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Amid criticism of sex abuse response, Pope Francis makes key appointments

Pope Francis speaks at a conference organized by the Pontifical Academy of Social Sciences at the Vatican on Nov. 24. (CNS photo/L'Osservatore Romano, handout) Pope Francis speaks at a conference organized by the Pontifical Academy of Social Sciences at the Vatican on Nov. 24. (CNS photo/L'Osservatore Romano, handout) 

Pope Francis on Tuesday named a new official to oversee the Vatican office that processes clerical sex abuse cases amid mounting criticism over a yearslong backlog of cases and Francis' handling of the problem.

The promotion of Monsignor John Kennedy to head of the discipline section of the Congregation of the Doctrine of the Faith was the second abuse-related appointment in recent days. Francis named the Rev. Hans Zollner, one of the Catholic Church's top experts on fighting abuse and protecting children, as an adviser to the Vatican's office for clergy on Saturday.

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Francis and the Vatican have come under fresh scrutiny over their response to the abuse crisis since Irish survivor Marie Collins resigned from the pope's sex abuse advisory commission on March 1, citing "unacceptable" resistance to the commission's proposals from the Vatican's doctrine office.

Collins' departure laid bare the cultural chasm between the commission's outside experts, who proposed best-in-class ideas for protecting children, and the reality of the Vatican bureaucracy and its legal and administrative limitations.

Kennedy was an assistant to the previous discipline section chief, the Rev. Miguel Funes Diaz, one of three congregation officials who recently left. The Vatican spokesman, Greg Burke, said Francis had approved their replacements as well as additional staff to handle cases, which by some estimates take two to three years to process.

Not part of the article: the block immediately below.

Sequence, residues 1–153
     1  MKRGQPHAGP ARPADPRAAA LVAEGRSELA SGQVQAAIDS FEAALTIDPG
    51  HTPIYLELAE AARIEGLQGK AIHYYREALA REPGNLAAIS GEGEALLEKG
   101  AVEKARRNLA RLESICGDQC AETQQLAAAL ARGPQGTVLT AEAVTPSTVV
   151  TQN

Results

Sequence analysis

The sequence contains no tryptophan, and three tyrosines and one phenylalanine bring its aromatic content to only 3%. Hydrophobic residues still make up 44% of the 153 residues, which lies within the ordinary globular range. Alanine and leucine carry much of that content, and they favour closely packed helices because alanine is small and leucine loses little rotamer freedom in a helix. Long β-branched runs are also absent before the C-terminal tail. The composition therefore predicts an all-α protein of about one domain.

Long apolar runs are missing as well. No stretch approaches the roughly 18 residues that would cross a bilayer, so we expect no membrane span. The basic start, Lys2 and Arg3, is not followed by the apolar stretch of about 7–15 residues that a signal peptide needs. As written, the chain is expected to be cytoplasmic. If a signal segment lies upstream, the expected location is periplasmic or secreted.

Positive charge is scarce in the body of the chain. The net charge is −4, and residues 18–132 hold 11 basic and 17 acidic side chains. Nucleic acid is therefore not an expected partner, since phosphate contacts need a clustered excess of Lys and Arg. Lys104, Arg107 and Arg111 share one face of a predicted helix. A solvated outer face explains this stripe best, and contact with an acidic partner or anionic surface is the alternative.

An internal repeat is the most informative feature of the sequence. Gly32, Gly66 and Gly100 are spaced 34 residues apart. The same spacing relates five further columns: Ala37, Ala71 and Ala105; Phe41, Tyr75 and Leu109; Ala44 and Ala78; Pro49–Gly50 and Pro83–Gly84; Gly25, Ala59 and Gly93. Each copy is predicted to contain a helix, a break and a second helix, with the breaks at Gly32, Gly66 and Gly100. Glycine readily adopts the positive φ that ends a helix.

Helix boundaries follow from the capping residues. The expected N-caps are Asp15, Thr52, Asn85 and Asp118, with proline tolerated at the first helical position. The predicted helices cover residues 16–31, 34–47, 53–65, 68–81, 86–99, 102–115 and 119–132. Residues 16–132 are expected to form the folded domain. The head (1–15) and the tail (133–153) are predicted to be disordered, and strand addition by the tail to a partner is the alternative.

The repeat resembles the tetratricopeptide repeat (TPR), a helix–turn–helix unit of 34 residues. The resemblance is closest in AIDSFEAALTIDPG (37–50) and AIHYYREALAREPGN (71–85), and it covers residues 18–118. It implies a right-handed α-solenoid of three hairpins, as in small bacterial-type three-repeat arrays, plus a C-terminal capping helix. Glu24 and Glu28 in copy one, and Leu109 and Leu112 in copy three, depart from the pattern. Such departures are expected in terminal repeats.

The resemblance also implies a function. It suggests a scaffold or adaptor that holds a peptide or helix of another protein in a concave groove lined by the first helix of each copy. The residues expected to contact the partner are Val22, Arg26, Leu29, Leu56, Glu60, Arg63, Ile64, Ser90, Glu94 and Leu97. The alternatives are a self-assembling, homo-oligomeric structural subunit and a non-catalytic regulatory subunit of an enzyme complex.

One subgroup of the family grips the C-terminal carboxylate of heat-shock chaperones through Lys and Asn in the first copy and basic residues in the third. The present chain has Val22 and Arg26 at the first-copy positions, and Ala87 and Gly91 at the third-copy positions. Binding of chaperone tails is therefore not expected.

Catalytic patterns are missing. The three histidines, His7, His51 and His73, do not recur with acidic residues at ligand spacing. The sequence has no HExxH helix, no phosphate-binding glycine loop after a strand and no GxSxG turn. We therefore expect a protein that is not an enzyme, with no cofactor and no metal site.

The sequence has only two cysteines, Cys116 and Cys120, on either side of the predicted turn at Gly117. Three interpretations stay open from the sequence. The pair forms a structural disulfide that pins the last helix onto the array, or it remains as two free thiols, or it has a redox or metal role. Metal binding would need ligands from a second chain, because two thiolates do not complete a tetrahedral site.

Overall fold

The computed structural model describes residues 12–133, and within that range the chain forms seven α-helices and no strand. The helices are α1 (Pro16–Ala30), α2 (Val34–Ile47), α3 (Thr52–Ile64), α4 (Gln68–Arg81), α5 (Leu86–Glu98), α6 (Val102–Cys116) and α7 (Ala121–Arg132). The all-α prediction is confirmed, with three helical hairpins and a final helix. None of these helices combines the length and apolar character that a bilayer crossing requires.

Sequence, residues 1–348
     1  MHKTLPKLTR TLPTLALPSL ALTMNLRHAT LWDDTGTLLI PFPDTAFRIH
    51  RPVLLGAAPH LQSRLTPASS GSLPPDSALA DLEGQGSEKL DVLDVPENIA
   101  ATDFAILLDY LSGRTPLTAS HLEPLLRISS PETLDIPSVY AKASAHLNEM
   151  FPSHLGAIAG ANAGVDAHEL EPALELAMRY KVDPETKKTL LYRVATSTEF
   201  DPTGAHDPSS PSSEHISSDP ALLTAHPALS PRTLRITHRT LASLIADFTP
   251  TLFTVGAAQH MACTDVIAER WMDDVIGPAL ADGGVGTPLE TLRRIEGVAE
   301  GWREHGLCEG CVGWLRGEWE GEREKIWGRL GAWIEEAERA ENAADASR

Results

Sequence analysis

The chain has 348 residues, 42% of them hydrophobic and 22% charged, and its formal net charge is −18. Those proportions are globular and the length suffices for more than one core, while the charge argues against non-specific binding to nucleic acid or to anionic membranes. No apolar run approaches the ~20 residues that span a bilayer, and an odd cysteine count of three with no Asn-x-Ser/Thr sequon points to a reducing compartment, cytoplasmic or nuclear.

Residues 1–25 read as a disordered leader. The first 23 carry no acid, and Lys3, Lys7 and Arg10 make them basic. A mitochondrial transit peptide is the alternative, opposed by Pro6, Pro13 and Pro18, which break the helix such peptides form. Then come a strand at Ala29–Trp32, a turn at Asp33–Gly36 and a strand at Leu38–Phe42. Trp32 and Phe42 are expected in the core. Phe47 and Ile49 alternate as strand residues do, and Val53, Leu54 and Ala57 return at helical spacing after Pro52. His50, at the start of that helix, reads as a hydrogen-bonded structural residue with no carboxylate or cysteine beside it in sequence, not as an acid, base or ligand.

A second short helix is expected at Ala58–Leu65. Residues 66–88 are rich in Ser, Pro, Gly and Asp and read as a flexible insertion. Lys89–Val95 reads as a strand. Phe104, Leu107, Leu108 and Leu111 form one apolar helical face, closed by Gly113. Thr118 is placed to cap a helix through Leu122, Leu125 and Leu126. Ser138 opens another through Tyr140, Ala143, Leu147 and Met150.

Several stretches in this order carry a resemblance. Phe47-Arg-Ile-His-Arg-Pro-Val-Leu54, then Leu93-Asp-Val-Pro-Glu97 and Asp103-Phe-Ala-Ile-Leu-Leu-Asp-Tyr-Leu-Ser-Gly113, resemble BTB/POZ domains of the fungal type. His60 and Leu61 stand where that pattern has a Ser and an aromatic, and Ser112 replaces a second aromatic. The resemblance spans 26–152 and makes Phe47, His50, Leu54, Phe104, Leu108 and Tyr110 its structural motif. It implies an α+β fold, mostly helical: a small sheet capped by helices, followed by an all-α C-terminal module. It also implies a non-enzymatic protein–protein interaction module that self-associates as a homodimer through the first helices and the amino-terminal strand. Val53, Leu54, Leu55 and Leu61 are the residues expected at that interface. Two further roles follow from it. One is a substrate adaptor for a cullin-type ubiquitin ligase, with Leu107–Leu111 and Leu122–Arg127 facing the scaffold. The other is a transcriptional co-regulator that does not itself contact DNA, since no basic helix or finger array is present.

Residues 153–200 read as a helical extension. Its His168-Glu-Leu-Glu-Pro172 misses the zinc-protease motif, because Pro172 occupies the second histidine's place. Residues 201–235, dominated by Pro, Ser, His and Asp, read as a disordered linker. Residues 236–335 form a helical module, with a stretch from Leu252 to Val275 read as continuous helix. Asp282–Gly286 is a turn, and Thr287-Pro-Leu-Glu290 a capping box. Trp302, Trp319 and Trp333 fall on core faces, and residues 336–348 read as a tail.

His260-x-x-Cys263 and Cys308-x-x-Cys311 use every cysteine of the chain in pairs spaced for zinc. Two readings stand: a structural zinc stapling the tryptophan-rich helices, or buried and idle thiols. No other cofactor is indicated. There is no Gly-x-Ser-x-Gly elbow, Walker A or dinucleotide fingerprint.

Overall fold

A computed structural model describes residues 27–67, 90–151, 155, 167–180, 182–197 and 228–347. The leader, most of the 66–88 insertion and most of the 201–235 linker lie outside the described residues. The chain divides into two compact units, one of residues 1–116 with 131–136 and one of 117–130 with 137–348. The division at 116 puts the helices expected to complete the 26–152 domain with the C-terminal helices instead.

The congregation assumed responsibility for processing abuse cases in 2001 after then-Cardinal Joseph Ratzinger, the future Pope Benedict XVI, determined that dioceses weren't disciplining pedophiles as church law required. The change required bishops and religious superiors to submit all credible accusations to the congregation, which decides how to proceed.

Cardinal Sean O'Malley, who heads Francis' abuse advisory commission, said in a recent interview that the Congregation for the Doctrine of the Faith needed more resources to deal with the caseload and related issues. Francis earlier this year named O'Malley to the congregation's membership in a first key move to place commission members inside Vatican offices to lend their expertise.

Zollner, the new addition to the clergy office's board of advisers, is another member of the pope's abuse advisory commission. He heads the Center for Child Protection at the Jesuits' Pontifical Gregorian University, which runs programs to train church personnel in child safety and abuse awareness.

As an adviser to the Congregation for Clergy, he will have a hand in advising the Vatican office responsible for training the world's Catholic priests in best practices.


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